I agree, but it's not really double-dipping as company Y should have paid for licenses for its customers as well or provided indemnity for them. I don't agree with the principle, but patents can be licensed for end-users as well as manufacturers.

A new patent (1)

matbury (3458347) | about 7 months ago | (#45965289)

I want to patent patent-trolling. There's gotta be some money in that ;)

Let us have more free speech (1)

140Mandak262Jamuna (970587) | about 7 months ago | (#45965381)

Of course they have the right under freedom of speech to inform companies that their might have been violated.

And by the same token, every American citizen has the right to call them and tell them they are scumbags. I am not suggesting some slashdotter to find and post the telephone numbers of the company. I am not suggesting all slashdotters call them at all hours of the day to express their opinion on various matters of the world from the scorpion farming in China to speciation chicliad fishes in the lake Victoria. Just saying I have the freedom of speech to say such things and the slashdotters also would be well within their rights to call them and tell them.

not commerce??? (1)

MickyTheIdiot (1032226) | about 7 months ago | (#45965437)

The patent-licensing behavior doesn't even amount to 'commerce' by the standards of the FTC Act, because the letters are not 'the offer of a good or sale for service,' argues MPHJ.

YAY FOR DUMBASS LAWYERS!

So if it's not commerce, then they don't need to make any money off their patents, right? It's all for the good of the world?

Not a good or service (0)

Anonymous Coward | about 7 months ago | (#45965463)

So the right to use intellectual property is not a good or service?

Maybe the presumption that MPHJ Technology is working with is that they provide an inservice... :/

Notorious huh? (1)

3.5 stripes (578410) | about 7 months ago | (#45965499)

Must be a sad situation being a patent troll that gets people to pause for half a second say "well, your face looks familiar"..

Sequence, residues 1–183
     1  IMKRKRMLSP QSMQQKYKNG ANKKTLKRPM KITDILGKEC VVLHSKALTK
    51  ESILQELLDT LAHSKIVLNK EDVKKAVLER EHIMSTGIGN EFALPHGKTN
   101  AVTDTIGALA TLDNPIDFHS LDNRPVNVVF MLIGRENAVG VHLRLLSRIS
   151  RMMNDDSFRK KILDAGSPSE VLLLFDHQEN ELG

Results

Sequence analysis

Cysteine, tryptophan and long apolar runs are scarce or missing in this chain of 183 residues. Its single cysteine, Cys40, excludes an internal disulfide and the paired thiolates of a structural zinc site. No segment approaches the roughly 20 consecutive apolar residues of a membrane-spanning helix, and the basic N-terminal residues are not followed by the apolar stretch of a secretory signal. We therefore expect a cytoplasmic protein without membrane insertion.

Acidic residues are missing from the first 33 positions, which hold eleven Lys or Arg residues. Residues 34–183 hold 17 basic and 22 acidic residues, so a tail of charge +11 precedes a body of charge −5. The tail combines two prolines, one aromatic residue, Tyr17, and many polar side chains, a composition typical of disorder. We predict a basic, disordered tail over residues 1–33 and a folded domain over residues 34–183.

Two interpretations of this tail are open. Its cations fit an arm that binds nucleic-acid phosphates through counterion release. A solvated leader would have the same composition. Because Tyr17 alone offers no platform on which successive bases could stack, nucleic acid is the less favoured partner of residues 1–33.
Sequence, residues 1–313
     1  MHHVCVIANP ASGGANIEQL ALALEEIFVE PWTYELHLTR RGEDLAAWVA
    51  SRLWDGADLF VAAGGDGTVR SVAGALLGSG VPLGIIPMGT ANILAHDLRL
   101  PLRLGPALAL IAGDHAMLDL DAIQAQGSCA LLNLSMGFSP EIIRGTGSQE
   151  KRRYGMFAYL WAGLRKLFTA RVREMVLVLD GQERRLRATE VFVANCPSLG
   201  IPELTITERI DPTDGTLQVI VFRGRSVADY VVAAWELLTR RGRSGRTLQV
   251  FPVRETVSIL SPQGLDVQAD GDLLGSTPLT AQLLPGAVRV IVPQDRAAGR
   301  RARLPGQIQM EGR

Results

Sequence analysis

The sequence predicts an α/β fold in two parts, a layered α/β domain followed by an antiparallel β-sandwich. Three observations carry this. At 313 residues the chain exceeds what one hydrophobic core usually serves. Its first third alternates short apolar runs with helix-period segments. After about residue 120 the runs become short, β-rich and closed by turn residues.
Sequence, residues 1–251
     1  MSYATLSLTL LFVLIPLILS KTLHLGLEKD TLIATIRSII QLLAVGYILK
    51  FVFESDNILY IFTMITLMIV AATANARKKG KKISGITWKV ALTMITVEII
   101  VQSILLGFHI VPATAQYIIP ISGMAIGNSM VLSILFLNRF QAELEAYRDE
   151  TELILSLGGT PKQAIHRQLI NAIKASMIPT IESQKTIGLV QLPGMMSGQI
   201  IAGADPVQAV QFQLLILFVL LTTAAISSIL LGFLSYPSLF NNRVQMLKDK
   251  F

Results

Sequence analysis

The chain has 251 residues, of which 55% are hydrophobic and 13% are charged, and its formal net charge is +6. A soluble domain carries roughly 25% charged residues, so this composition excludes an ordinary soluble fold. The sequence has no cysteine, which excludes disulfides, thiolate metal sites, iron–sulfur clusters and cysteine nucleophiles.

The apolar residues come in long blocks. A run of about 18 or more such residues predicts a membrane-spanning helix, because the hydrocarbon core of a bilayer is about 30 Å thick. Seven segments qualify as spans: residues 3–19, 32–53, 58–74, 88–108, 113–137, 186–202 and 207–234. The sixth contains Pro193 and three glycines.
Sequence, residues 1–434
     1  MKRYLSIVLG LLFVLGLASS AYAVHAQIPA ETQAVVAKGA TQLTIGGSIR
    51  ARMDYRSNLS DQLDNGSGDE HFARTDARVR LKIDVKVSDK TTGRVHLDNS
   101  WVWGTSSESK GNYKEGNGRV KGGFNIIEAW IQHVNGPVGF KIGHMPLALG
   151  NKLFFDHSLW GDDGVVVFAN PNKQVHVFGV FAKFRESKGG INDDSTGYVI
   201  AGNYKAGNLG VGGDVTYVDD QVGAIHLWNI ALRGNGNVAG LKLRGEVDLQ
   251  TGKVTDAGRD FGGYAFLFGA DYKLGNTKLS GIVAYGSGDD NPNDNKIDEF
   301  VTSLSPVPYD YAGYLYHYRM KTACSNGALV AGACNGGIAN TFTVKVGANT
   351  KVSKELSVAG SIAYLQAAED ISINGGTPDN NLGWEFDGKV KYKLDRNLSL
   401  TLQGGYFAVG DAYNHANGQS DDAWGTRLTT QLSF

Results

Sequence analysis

Links on the subject (4, Informative)

satch89450 (186046) | about 7 months ago | (#45965509)

Wrong Angle (1)

Jiro (131519) | about 7 months ago | (#45965547)

Everyone is responding based on knowing that the patent troll's claim of patent violation is probably bogus. But the question is over whether the FTC even has jurisdiction over claims of that type. Whether the claim is bogus doesn't come into effect at that stage--you can't say "the FTC can stop the patent troll's lawsuits because their claim is bad", since whether the claim is bad is something that gets decided in the lawsuit (or in the agreement to avoid the lawsuit).

Here's an analogy where the claim is not bad. The police accidentally blow up your house looking for marijuana. Your lawyer tells you that even with the drug war the way it is, a lawsuit is reasonable. So you tell the police "pay for for the damage caused by blowing up my house, or I take you to court". However, at this point the government steps in and says "you are charging people money to blow up your house. By selling the service of letting people blow up your house, you are violating the zoning laws, permit laws, and a whole bunch of other laws related to running businesses. If you try to charge anyone for blowing up houses, including the police, we will put you in jail."

Should they be able to say that? Of course not. There's a difference between selling someone something as a business and "selling" someone something when you are asking them to pay to cover damages. While we may informally say "the patent troll's business is lawsuits", as far as their legal claims go, they're just sitting on the porch and someone else damaged them, and they're only asking anyone to buy a license because that's how you pay for the damages.

I'm not a lawyer so I don't know if that argument will ultimately win in court, but they at least have a legitimate point.

Re:Wrong Angle (1)

bluefoxlucid (723572) | about 7 months ago | (#45965837)

In the story of Soddom and Gomora, God destroyed the city because it was a terrible, horrible place. There was a story of an 11 year old girl who gave a starving traveler a piece of bread--she was hanged and skinned alive for showing compassion. The biblical example of the two visiting angels was that the townspeople were of the mind to maliciously rape the visitors--mainly to inflict pain and humiliation. In short, the whole town was rotten to the core and needed to be fenced in and set ablaze.